Tag Archives: dog

Dog vs. Skunk

I find that cleaning up after a skunk attack is not unlike cleaning up after a murder. You have to be meticulous; a single drop of skunk oil can cause immeasurable suffering. Ask me how I know.

 

Cleaning up a room after a skunk spray.

Notice the absence of rugs, the candles burning, the mop, the electric floor scrubber, and the fan. In hindsight, the candles and the fan were like bringing a cup of water to a forest fire.

 

My dog apparently mistook a visiting skunk for her arch-nemesis, Rocky the Raccoon. Rocky steals her food, digs through the trash and stares at her through the window with that smug look that all raccoons have. So when the dog saw a small black animal in the back yard, she pounced.

I never heard spray, but it didn’t take long for me to understand what happened. The dog ran directly into the living room and slid face-first onto the (expensive) rug. A second later, she was rubbing the other side of her face across a different rug. I noticed the long oily streaks on the rug at the same time that the overwhelming smell hit me.

Step 1 – Lock the dog outside.

Dog was sprayed by a skunk.

This is her new home for the foreseeable future.

Step 2 – Use paper towels to soak up oil from the fur.

Soak up skunk oil with paper towel.

She was happy to have someone rub the oil away from her eyes.

Step 3 – Remove everything that she touched. EVERYTHING!

Step 4 – Wash the dog.

 

Washing a german shepherd dog after a skunk spray.

By the third wash, she was over it.

Step 5 – Shower.

A day later and the smell is starting to fade. I still get whiffs of it a few times an hour. I’m beginning to locate the sources. My briefcase was too close to the action, so it still smells like skunk. My dad, who flew to china 8 hours after this episode, said that his watch band soaked up some of the oil.

After some research, we learned that tomato soup does nothing to get rid of skunk smell. There is, however, a recipe that is said to do wonders. It’s a mix of baking soda, 3% hydrogen peroxide and dish soap. If it works, I’ll be sure to follow up here and let you know.

Have you ever had a run in with a skunk? Were you able to get rid of the smell? Leave a comment and tell me about your experience.

Until next time.

-Taft

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Yummy?

All of my classes are canceled today, thanks to some sort of test.  I’ve been bored all morning, surfing the internet and catching up on my cyber-stalking.  I clicked on a Korean friend’s profile picture, and almost died laughing.  Mr. Kim just couldn’t understand what was so funny….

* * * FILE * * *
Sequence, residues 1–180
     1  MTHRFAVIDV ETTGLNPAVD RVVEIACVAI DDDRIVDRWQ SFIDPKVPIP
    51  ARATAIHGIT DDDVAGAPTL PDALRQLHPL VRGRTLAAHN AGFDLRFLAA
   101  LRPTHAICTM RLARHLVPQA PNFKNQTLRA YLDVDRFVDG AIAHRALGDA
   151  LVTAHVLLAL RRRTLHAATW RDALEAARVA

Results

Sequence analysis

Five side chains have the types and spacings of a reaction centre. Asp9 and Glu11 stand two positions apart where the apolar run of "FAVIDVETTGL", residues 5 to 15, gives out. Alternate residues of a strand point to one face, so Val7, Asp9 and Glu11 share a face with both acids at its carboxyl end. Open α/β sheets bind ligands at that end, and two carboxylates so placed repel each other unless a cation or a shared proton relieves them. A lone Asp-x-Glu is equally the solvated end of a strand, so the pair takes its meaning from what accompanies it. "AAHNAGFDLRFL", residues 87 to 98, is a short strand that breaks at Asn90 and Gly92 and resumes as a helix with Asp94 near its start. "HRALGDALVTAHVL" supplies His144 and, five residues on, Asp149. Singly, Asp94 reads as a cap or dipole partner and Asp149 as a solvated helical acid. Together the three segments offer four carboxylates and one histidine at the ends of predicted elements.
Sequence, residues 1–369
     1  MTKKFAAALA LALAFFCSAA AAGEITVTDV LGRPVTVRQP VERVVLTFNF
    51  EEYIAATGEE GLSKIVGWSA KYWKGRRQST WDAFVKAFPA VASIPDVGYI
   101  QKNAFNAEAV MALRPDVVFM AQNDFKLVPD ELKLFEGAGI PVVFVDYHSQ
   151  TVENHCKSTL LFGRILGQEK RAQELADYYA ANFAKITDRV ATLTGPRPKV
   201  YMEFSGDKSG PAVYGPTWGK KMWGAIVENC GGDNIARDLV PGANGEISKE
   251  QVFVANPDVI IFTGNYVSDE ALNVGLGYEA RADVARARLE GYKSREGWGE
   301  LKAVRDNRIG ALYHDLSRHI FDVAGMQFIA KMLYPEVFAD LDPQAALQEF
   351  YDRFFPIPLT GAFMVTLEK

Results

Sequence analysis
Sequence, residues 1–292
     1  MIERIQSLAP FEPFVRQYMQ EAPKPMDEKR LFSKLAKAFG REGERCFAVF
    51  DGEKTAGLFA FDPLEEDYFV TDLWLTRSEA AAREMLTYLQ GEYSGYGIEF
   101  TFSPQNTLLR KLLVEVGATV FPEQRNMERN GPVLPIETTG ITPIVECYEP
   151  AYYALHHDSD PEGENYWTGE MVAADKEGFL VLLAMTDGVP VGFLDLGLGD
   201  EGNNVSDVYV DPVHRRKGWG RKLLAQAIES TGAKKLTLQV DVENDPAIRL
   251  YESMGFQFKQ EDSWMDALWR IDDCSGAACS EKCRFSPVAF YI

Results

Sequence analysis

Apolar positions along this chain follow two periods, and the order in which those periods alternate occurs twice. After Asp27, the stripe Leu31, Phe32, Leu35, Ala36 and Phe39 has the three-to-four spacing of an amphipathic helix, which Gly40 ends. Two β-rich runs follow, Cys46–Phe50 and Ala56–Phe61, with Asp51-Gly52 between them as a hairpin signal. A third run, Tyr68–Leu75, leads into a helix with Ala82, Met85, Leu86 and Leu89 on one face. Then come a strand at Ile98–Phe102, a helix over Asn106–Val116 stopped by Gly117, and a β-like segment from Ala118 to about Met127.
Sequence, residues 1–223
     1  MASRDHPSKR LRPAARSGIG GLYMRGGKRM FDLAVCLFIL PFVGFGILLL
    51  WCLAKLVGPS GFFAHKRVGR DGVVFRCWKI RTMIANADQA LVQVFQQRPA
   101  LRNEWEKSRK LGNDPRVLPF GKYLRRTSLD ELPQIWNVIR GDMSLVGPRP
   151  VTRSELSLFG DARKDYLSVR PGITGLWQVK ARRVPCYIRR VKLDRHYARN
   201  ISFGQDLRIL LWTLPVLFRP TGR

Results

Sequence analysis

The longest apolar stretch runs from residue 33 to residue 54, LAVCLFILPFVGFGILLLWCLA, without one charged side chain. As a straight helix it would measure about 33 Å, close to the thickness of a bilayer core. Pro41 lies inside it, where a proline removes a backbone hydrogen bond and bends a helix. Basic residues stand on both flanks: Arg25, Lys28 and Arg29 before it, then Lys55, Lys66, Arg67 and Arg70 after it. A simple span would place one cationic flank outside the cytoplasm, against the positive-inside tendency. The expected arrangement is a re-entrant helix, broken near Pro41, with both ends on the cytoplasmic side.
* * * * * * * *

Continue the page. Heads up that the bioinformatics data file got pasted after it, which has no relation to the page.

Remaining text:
Until next time.

-Taft

 

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When I Spell A Word…

When I spell out a word during a conversation, don’t say it out loud.  Seems obvious, right?  Apparently not.  I’ll explain.

My dog Kali and I went for a walk at a park near my parents’ house today.  As part of our routine, we ended with some obedience training. I put her in a stay on one end of a field and walked across to the other end to find a hiding spot where she can’t see me.  Occasionally, this gets people’s attention because most people can’t get their dogs to stay for more than about five seconds.  This exercise requires a minimum of three to five minutes.

As I reached the other end of the field, a woman came over to me and asked where my dog was.  We passed this woman earlier on the walking trail.  I pointed across the field to where Kalie was waiting.  It took her a minute, as the dog was almost 200 yards away, but she finally realized that the black spot on the other end of the field was Kalie.

The woman told me that she was amazed that the dog listened so well, and that her dog would never be so obedient.  I spared her the lecture and simply told her that it’s all about consistency.  She asked me to call the dog over to meet her, so I agreed and released Kalie.  She came over and sat down next to me as I spoke to the woman.

Our conversation was as follows:

Woman: How do you get her to do what you say?  My dog never does what I tell him.

Me: It’s all about discipline and consistency.

Woman: Do you use any training aids or food to reward her?

Me: No.  When she was a puppy, I went away from using T-R-E-A-T-S.

Woman: Treats?  You don’t use treats?  I always bring treats.

Really?  Really, lady?  Did you think I was practicing for a spelling bee?  Maybe you thought I like to randomly choose words to spell, you know, just to spice up a conversation.

The reason I spell the word “treat” is because Kalie immediately starts trying to find them.  She knows that I used to keep them in my pocket when I trained her, so I finished my walk being nose-raped by a German Shepherd.  Every time I quit paying attention, she stuck her snout directly in my pocket.

So, thanks lady, for letting me know that I had just spelled the word “treat”.  You owe me a new pair of shorts and my dignity.

Until next time.

-Taft

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